Wednesday, August 21, 2013

The Best Ever



Frances painted this record while listening to it, and said, "Their music is like the best thing I ever heard or sawn." I tend to take "best evarr y'all" with a grain of salt, but when the enthusiasm is for a Carpenters record, it's totally justified. You can take it from me! It seriously almost just doesn't get any better than this one Carpenters record, Now & Then. Arranged and orchestrated by (the best arranging genius ever) Richard Carpenter. Sung and sung and sung by his sister Karen, who had a voice than which there has never been a more perfect one. Never. Only just the littlest, tiniest glimpse of vibrato on the long notes. Soulful depth of tone. No breathiness, just all note. Emotion is there but it's curiously cold. It draws you near with its sad warmth but resists becoming overwhelmed itself. It is unbelievable, heartbreaking.

The elephant: "Sing". I was born in 1972, the year that a staff songwriter for Sesame Street wrote it. It then went inside the minds of millions of people, deep inside, securing a little nugget of joy inside our hearts. Richard and Karen heard it and they were like, ok we'll just own that now. And they did. The harp and flute intro can really make me cry.


"That's the car and the house and the nature and stuff."


(By the by. The staff songwriter was Joe Raposo. Dude killed it in the Seventies. He wrote the theme song from Sesame Street ("Can You Tell Me How to Get to Sesame Street?") and all the best Muppets songs, like "Bein' Green" and "C Is for Cookie", AND the theme song from Three's Company. He was a first-generation Portuguese American from Fall River, MA, and though I can't find any confirmation of it on the Internet, I distinctly remember there was a plaque honoring him as a resident of Somerville, MA, right around the corner of Washington St. and Boston St., by where the O'Brien highway crosses over, right at the base of Prospect Hill, blocks away from where I lived for a time, a block from the castle that claims the first raising of the American flag.)

But emotions! Oh man. Feelings. This record goes deep inside the heart. Karen was deeply, deeply sad. They had a lot of songs about hopeless, despairing depression ("Rainy Days and Mondays" comes to mind), but the one on Now & Then, never a hit, is devastating. "I Can't Make Music":

Here I am just sittin' around
With an old piano in a vacant room
And the same old feelin's come again
So uncertain hurtin' scared
I thought I grew, but here I am again
I shoulda seen the train be passin' thru
I thought I knew

And I can't make music
No I can't make rhyme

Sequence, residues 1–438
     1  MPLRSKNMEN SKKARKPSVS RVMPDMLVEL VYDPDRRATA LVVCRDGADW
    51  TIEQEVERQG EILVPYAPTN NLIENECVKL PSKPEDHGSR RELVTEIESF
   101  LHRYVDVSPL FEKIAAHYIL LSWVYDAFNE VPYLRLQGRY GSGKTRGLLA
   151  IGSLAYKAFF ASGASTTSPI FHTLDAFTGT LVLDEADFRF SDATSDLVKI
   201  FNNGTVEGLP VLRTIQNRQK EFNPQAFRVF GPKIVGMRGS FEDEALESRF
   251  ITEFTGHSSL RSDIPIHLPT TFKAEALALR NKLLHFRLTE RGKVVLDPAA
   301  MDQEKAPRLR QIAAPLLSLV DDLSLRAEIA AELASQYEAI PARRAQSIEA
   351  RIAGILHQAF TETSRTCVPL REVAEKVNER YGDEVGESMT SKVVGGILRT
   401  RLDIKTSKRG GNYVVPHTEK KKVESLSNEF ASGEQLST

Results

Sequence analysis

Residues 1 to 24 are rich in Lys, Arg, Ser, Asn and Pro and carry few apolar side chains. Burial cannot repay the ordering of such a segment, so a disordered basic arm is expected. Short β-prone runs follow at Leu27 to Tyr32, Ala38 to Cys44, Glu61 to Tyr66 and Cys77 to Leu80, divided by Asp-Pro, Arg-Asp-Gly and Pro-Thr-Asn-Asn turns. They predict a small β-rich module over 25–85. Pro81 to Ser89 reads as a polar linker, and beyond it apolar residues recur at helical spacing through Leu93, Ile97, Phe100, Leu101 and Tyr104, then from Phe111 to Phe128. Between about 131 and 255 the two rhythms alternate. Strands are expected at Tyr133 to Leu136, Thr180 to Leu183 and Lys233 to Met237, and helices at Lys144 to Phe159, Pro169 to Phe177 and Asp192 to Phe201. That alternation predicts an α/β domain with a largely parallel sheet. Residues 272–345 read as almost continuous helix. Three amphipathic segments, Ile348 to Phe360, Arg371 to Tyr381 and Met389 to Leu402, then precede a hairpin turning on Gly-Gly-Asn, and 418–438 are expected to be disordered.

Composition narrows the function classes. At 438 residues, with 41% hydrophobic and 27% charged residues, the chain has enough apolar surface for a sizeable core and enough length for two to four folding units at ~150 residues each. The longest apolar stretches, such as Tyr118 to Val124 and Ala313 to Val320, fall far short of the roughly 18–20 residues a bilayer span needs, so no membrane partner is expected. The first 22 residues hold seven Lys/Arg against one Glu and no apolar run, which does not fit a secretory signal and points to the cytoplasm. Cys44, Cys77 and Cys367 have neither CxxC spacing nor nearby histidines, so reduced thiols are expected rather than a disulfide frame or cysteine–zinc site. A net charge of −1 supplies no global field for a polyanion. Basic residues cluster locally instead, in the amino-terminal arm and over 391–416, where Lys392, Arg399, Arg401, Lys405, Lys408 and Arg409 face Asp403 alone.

No I can't do anything
To take me away this time


"That's me singing 'I can't make music; I can't make anything"... no wait... "Sing, make something simple, make your life really really long."



But then there's the redemption. The sweet loss of cares in joyous memory. Richard and Karen knew that music was the key, and they lavished a whole side of this album on their own tweaked, sweet versions of the tunes that inspired them, bookended by the familiar ode to nostalgia "Yesterday Once More". In a nice touch, they got a really obnoxious deejay (the same one who would show up four years later on the mind-scrambling, Grammy-nominated Klaatu cover "Calling Occupants of Interplanetary Craft") to do between-song banter. It's a real rough listen. You have to listen to the notes they're not playing.

The songs they chose all date from 1960-1964 - but if you had asked me when any of them was from, I would have said "the Fifties". It's all really famous songs, like "Johnny Angel" and "Da Do Ron Ron". What happened was, the Fifties happened, and the jazz mixed with the rockabilly and the rhythm and blues, and the modern teenager was born, and then the Nineteen-Fifties ended, and "The Fifties" started in the early Sixties, when the record labels and the radio stations and whatnot started getting really established and doing business. Then "The Sixties" happened in the second half of the Sixties, and then by nineteen seventy-three, when Now & Then came out, the events of ten years before were as legend, seen in the misty past of the southern California baby boomer enclave from out of where Richard and Karen stare dazedly at a bepalmed suburban landscape behind the glass of a GTO or Mustang or whatever. Like if someone now was all, "Man, The Killers and Justin Timberlake were the touchstones of my glorious youth." IT REALLY HAPPENED. This is how the technology and the industry and the media created the narrative we live within. Nostalgia. The best ever.


"That's the name of the record."

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